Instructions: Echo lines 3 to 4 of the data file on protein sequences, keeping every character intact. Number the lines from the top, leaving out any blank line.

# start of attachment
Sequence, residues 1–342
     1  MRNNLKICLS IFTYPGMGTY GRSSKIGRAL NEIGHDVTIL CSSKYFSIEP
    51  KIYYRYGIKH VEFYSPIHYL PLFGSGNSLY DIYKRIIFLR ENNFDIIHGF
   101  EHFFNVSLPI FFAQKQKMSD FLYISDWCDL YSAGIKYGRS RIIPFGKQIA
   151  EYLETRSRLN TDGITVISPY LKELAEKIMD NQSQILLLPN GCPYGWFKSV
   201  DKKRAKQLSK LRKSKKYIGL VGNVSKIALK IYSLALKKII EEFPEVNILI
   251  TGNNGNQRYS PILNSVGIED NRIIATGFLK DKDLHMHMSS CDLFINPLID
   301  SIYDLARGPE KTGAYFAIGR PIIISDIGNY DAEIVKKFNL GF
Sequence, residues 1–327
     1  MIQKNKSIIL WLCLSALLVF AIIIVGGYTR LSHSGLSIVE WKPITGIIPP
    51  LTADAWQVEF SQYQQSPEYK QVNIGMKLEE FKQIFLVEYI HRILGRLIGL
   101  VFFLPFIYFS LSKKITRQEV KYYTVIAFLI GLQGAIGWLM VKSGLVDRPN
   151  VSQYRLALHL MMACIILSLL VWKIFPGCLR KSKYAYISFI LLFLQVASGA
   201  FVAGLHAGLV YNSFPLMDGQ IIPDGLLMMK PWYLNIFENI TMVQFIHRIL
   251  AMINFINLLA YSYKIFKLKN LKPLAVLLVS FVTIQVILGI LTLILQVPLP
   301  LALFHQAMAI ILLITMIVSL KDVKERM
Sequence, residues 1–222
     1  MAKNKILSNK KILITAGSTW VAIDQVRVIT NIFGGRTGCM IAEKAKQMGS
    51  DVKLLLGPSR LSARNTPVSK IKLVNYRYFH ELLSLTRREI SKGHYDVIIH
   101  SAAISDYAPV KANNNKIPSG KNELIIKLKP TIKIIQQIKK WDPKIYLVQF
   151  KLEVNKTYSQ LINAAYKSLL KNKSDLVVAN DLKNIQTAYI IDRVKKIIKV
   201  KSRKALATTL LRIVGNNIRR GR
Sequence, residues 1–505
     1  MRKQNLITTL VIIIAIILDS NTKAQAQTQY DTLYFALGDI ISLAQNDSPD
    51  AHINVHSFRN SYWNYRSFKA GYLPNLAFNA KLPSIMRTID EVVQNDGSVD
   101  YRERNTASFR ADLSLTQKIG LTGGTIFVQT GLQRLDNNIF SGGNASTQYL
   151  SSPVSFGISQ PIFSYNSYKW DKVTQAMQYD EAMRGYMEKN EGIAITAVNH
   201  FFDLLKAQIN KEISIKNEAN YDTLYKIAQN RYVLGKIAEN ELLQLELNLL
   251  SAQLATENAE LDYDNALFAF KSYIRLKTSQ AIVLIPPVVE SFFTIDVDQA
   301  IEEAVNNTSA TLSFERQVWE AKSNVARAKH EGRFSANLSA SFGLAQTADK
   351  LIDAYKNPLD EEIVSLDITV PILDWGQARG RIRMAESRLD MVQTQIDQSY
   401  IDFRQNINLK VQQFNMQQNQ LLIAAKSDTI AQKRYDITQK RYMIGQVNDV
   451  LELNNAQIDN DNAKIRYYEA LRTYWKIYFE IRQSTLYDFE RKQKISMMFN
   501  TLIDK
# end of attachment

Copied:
    51  KIYYRYGIKH VEFYSPIHYL PLFGSGNSLY DIYKRIIFLR ENNFDIIHGF
   101  EHFFNVSLPI FFAQKQKMSD FLYISDWCDL YSAGIKYGRS RIIPFGKQIA